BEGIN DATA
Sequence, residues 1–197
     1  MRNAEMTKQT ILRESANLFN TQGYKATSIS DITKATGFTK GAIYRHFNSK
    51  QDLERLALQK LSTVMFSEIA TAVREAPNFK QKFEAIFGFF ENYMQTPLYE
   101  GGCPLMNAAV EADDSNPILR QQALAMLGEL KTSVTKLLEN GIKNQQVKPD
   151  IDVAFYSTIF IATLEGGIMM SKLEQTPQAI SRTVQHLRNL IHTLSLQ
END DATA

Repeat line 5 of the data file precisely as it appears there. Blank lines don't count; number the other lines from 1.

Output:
   151  IDVAFYSTIF IATLEGGIMM SKLEQTPQAI SRTVQHLRNL IHTLSLQ